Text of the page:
Since there have been children, there have been zealous parents who advocate for them.
In the past few years, however, that zealousness has curdled into outright obnoxiousness. And while schools and functions are rife with horror stories of helicopter parents, the damage from this neurotic behaviour is particularly jaw-dropping in sports.
A dad punches a coach for not playing his son. A mom decks another mom for yelling at her daughter. Two fathers are ejected from the stands for getting into a fistfight.
Unfortunately, I’m not making up any of these stories, they’re examples I sourced from memory. I have been witnessing these out-of-control actions since my now-grown son played t-ball back in the day. Adults who should have known better, who should have tried to model an appropriate response to a close call, instead acted like toddlers having a tantrum in the cereal aisle. I’ve see it with my own eyes, heard it with my own ears, and have been told about countless other incidents I didn’t witness, sometimes from children embarrassed by their parents’ behaviour.
And I can tell you with certainty – it’s grown worse over time.
Let me preface this with qualifying statements: my oldest son played minor baseball from the time he was six until he graduated, he was on the school softball and track teams, and received athletic awards each year of high school. He was never in hockey.
My younger son is much more involved in sports, if that’s possible; last year he played on two baseball teams, he plays school and recreational basketball, is on the track and cross country teams at TEC, and just finished his second year of Peewee “C” hockey.
I have spent the better part of my life taxiing to and from games and practices for everything from house league rec teams to provincial “A” level championship seasons, and the bag of hockey gear comes out of my trunk just in time to be replaced with the bag of baseball gear and folding lawn chairs. I have lived at ball parks and rinks and fields of all kinds, so I feel qualified to weigh in on this subject.
Unruly parents have gotten so bad, so loud, so violent and underhanded at times, that youth sports is kind of a scary thing. Jeering from the stands is the least of people’s worries nowadays. In the era of social media, dirty looks and even police escorts out of a facility are not effective deterrents to a vitriolic, viral Facebook post aimed at the monster who wronged their little superstar in some way, usually a well-meaning organization or volunteer. Hell hath no fury like the parent of a kid who didn’t make the team, and someone has to pay.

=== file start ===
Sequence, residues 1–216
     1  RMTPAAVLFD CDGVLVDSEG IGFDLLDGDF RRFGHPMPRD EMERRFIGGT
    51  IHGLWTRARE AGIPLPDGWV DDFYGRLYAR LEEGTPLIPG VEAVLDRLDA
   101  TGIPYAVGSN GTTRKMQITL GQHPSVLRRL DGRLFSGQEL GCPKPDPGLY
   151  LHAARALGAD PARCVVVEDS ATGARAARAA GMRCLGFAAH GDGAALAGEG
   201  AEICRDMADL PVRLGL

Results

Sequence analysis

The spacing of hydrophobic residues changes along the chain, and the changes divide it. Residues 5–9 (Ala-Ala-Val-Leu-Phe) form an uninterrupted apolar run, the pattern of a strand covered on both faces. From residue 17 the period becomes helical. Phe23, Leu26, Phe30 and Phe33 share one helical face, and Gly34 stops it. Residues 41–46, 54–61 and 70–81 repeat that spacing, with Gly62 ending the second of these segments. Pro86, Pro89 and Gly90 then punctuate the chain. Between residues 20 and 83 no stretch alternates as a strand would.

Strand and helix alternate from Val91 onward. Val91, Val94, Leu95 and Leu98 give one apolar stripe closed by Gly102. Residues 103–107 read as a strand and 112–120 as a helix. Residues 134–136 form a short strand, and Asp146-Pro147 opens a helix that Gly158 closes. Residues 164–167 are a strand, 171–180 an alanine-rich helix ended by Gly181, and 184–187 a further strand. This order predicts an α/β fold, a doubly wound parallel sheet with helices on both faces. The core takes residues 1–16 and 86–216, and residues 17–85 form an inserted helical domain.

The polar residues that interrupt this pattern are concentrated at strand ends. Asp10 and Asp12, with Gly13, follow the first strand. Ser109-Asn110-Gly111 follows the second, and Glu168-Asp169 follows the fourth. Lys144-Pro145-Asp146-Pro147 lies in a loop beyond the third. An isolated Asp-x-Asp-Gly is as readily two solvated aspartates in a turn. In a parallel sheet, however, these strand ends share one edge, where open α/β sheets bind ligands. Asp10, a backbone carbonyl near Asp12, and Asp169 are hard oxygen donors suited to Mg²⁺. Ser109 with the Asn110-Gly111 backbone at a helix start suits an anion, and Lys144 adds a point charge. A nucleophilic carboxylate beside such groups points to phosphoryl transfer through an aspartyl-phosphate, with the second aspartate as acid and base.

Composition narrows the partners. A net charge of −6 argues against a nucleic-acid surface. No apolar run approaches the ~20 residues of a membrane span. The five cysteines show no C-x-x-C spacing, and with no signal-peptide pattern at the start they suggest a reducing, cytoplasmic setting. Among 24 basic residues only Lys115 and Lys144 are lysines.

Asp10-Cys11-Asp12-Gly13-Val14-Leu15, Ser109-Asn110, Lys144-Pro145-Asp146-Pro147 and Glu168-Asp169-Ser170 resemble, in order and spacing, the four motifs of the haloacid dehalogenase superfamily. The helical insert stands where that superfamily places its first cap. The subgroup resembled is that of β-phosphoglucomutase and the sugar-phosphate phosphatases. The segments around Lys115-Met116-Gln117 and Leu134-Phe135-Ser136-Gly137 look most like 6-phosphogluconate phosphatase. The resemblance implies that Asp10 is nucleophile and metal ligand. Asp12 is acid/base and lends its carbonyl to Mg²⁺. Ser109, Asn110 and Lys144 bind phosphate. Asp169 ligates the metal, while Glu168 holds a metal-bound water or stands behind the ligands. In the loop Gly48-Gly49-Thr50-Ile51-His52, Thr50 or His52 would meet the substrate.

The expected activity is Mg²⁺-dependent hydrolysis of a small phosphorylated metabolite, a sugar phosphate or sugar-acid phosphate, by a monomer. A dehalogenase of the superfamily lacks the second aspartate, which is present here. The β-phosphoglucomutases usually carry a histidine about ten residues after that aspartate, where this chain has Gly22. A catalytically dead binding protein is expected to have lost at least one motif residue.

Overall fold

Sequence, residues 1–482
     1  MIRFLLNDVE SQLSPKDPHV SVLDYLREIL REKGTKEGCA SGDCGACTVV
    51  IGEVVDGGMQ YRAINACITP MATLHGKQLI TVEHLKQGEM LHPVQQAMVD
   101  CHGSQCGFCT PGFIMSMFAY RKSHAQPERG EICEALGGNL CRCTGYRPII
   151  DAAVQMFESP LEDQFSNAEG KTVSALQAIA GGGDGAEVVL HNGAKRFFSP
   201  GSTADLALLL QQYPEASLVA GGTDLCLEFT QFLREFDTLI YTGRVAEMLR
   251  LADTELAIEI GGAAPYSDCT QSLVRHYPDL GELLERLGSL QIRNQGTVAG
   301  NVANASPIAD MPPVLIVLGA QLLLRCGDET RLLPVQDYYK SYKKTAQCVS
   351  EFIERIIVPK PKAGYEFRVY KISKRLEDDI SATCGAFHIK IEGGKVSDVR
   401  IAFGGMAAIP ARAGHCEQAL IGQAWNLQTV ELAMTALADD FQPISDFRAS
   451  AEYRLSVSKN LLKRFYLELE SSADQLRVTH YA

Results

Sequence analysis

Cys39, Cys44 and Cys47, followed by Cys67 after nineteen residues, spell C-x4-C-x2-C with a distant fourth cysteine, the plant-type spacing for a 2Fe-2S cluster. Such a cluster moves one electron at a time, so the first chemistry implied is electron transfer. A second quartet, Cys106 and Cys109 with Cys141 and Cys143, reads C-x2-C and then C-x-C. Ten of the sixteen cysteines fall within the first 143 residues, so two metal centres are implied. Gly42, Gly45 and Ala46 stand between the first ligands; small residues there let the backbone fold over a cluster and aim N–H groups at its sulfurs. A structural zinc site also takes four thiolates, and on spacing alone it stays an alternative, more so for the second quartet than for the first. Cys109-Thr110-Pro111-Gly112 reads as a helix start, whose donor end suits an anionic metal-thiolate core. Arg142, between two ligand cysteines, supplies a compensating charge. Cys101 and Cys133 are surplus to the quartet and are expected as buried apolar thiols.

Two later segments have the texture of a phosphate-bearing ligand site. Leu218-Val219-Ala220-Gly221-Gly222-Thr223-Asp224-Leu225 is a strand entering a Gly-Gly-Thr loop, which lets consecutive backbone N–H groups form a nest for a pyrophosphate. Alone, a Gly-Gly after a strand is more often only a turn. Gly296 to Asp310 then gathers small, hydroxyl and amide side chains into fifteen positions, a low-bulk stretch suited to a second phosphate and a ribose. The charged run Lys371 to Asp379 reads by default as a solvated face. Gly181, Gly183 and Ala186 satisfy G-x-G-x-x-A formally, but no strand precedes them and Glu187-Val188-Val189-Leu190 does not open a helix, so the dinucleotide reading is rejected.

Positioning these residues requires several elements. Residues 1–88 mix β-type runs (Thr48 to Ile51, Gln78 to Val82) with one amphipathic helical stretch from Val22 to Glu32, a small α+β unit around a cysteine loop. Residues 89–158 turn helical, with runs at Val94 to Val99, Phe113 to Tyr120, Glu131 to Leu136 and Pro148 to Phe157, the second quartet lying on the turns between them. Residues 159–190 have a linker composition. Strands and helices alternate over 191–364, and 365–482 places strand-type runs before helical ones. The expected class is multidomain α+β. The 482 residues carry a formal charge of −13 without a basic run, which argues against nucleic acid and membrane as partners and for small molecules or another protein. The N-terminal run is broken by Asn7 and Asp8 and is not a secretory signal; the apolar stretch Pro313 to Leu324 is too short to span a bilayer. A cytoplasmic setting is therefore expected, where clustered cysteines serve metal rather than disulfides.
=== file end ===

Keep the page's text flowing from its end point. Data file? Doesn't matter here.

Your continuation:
Is it any wonder why organizations must have a hard time recruiting and retaining volunteers and officials, considering the amount of verbal abuse I have witnessed some of them endure? A lot of them don’t get paid a cent; they are there because they love the sport and want to give kids the opportunity to play. Instead of enjoyment and gratitude, they get called jerks and have their every decision questioned.
And look, I get that emotions run high during a big game. It’s easy to sit in judgement and tell people to behave like adults – until you’ve driven seven hours and spent a million dollars on hotels and find yourself a spectator in a gold medal game. Things get said, and it’s no one’s finest hour, especially if your team loses. Youth sports, be it hockey or baseball or anything else, is a huge investment of time and money for the whole family, and I understand the feeling of getting worked up because so much hard work has been for naught because of a bad call. It’s frustrating and demoralizing.
It is those moments, though, that say more about us than we’d like. Misbehaving parents with wild expectations and no perspective have to shoulder every bit of the blame for the state of youth sports. Living vicariously through their children, hoping to score a spot on the elite team or (be-still-my heart) a professional contract, they act as if every game were the World Series or Stanley Cup final. They’re not. And except for a few, the kids don’t even care, they just want to have fun and play with their friends.
It’s the parents who need a time-out. It’s embarrassing.